Philosophy-Powerful lesson

Update on practice
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This week being the first week of the school year in the Southern Hemisphere (Jan-Dec school year) I practiced my preaching and was heavy on the philosophy. My students completed a simple learning style test. We discussed how everyone is different and it went well.

Later in the week we had a great discussion on the inner workings of the brain when it came to processing information via our learning styles. I love how interested year 5’s are with the working of the human body. Then we talked about learning and how specifically it works in the brain referencing the neuoplasticity video I have posted in a previous article.

After some hearty and interesting discussions with my year 5’s I used one of my lessons I mentioned in an earlier post. Using this form: Learning dots I gave students a pattern to follow, say, green, black, blue, red, orange. Students had to put their finger on the dots in that order as fast as they could. I gave them one turn and asked how they went. Of course it was tough to start, then I gave them a second go, asked for feedback, then a third and then a fourth. After that we had a conversation about what was happening. One student replied “I can feel the wiring in my brain changing and getting faster” Of course with practice they all improved as the pattern became embedded in their heads. We then had a few more goes and finally a brief but rich discussion about how learning was happening in the brain.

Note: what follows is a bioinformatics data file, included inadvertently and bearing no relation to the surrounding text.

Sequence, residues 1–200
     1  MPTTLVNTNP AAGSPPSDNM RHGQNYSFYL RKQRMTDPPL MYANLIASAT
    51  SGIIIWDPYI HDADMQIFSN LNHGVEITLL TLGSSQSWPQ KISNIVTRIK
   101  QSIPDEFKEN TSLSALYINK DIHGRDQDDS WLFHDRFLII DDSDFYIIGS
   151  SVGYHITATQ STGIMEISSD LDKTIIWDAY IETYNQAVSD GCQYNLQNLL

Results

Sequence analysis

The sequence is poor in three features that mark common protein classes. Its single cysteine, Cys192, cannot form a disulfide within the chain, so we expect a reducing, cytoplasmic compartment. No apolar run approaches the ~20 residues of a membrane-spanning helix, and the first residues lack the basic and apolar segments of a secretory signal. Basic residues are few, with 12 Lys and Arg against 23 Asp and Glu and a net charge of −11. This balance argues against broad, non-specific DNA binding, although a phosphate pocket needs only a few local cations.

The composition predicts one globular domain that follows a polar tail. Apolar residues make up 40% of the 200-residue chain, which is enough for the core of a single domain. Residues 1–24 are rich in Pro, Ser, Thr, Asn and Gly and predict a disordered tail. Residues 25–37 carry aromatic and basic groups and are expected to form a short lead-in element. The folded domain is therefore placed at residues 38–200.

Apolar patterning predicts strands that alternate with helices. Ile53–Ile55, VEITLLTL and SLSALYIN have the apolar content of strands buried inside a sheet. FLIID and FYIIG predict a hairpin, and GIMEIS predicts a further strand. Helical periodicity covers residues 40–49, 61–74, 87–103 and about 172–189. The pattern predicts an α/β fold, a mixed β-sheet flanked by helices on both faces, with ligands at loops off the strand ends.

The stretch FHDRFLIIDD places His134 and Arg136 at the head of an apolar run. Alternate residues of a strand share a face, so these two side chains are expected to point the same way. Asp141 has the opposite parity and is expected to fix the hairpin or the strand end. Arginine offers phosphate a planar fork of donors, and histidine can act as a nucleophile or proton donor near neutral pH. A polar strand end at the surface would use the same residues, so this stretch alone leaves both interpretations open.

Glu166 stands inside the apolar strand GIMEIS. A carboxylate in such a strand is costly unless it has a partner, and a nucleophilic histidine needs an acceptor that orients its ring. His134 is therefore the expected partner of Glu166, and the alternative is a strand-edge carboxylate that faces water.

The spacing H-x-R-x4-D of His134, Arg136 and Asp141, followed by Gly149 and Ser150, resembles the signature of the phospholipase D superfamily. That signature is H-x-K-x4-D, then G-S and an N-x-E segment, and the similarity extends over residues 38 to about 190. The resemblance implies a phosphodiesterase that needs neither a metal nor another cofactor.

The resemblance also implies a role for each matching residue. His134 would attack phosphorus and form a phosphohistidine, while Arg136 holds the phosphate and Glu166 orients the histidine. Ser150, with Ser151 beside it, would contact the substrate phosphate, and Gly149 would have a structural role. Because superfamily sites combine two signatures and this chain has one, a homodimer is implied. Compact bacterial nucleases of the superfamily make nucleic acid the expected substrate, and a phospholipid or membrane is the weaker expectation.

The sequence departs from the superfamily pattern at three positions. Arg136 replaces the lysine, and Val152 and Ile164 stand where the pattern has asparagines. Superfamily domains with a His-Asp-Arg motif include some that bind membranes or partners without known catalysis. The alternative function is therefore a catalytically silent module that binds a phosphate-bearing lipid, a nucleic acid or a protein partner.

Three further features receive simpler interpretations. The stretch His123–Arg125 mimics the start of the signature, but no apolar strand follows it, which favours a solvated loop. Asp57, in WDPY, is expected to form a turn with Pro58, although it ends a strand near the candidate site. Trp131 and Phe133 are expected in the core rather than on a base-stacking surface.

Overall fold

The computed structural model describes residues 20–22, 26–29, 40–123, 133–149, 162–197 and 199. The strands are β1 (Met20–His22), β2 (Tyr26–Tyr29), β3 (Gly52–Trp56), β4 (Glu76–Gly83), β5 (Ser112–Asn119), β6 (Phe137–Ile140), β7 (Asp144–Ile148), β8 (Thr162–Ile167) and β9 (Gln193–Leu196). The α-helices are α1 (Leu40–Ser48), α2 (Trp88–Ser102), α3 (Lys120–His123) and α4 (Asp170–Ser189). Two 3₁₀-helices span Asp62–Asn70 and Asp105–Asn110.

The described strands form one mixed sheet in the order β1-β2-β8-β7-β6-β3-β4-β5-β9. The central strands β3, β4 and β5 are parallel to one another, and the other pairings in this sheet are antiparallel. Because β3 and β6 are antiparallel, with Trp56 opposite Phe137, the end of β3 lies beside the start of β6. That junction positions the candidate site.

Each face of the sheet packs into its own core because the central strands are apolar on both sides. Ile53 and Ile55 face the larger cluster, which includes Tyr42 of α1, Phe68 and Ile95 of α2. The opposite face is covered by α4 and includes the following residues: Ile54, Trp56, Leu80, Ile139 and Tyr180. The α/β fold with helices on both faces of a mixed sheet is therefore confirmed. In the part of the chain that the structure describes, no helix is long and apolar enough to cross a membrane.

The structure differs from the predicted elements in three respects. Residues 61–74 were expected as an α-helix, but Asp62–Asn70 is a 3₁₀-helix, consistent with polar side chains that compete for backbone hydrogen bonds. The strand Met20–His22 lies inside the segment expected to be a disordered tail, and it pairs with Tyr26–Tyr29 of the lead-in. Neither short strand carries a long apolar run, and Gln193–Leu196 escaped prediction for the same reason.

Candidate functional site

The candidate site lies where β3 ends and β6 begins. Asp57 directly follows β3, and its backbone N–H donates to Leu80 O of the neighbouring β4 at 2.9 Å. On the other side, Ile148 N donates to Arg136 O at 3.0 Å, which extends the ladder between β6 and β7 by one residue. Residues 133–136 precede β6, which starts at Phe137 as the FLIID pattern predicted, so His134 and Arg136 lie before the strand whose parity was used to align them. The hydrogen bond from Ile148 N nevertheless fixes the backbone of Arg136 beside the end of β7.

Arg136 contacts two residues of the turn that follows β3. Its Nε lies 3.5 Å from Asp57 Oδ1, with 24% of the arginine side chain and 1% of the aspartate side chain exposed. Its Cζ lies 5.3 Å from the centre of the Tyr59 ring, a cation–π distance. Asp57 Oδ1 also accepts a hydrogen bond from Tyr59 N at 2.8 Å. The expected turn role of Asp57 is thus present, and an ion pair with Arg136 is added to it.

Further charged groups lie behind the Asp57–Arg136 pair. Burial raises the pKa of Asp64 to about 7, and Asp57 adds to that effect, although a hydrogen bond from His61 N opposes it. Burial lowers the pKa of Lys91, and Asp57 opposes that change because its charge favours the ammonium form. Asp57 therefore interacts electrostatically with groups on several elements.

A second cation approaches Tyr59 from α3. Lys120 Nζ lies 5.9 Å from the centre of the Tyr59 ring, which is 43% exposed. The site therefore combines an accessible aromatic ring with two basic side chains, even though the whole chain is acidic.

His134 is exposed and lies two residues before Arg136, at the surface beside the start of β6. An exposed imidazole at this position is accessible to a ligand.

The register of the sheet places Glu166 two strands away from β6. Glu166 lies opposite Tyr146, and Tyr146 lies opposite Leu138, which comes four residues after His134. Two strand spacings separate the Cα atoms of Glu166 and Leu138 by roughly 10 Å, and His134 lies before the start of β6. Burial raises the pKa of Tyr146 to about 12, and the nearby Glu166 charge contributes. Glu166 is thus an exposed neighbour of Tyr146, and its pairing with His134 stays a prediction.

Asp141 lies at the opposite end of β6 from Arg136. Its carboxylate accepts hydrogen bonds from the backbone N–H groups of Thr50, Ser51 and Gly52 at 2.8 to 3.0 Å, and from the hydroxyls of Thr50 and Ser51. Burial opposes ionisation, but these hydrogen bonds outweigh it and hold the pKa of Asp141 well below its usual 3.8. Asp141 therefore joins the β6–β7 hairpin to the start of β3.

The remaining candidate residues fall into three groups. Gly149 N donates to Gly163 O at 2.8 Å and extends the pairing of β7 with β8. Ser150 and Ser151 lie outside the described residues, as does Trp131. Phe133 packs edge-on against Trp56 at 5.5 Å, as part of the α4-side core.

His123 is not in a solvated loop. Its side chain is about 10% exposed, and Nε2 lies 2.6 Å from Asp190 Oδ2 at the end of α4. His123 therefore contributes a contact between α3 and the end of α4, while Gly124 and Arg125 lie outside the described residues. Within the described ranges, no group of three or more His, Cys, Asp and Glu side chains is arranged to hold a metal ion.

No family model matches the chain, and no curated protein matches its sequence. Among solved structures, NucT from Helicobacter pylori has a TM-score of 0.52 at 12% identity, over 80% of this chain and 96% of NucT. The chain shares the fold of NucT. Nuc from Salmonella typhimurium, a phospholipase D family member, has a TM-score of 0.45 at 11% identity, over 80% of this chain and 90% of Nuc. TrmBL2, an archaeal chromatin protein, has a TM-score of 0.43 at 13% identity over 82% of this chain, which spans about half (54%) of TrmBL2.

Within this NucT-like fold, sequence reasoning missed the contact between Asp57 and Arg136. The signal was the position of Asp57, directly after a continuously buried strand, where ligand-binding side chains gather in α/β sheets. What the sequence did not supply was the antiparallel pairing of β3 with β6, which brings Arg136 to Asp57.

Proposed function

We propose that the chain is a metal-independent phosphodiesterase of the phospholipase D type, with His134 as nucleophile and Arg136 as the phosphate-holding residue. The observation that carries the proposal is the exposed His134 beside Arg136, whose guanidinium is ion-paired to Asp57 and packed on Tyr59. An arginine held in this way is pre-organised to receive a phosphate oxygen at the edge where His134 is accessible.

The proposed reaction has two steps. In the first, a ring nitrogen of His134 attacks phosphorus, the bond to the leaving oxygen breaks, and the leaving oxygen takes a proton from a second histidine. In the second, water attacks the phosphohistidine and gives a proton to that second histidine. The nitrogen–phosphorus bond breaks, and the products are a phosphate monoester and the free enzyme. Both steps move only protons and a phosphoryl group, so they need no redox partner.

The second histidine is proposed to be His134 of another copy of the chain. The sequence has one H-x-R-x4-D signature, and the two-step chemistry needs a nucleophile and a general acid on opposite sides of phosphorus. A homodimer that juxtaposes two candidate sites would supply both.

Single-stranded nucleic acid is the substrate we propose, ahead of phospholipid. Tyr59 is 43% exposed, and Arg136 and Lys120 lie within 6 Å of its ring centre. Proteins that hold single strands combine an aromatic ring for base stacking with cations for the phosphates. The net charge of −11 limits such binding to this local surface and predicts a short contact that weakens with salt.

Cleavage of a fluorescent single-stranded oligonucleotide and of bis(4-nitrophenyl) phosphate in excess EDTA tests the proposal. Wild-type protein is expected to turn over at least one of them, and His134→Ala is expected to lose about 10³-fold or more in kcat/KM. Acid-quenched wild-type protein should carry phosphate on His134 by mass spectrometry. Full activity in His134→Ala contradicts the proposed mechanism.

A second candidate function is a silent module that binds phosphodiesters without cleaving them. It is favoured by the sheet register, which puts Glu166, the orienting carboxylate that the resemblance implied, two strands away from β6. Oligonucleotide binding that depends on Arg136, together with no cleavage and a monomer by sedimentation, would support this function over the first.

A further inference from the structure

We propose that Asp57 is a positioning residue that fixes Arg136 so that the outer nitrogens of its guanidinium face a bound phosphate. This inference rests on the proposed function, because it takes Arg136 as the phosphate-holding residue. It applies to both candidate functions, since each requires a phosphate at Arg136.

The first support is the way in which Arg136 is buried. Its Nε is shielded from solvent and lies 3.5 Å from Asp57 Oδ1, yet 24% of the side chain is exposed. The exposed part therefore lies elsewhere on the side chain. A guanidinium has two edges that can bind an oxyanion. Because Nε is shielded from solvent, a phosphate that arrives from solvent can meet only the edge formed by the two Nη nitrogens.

The key!!!!!!
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Now here is the key! This experience I will use as a marker to draw on throughout the year as students struggle to understand concepts, reminding them that at first new tasks and ideas are difficult but with good practice you can lay the pathways in the brain.

2 thoughts on “Philosophy-Powerful lesson

  1. I really like the idea here of students physically seeing the way in which their brains process the information. Explicit teaching and making them aware of how they learn is the key. Practice, practice, practice and they can actually see immediate improvement. I’m very tempted to test a similar version of this with my grade 2 students!

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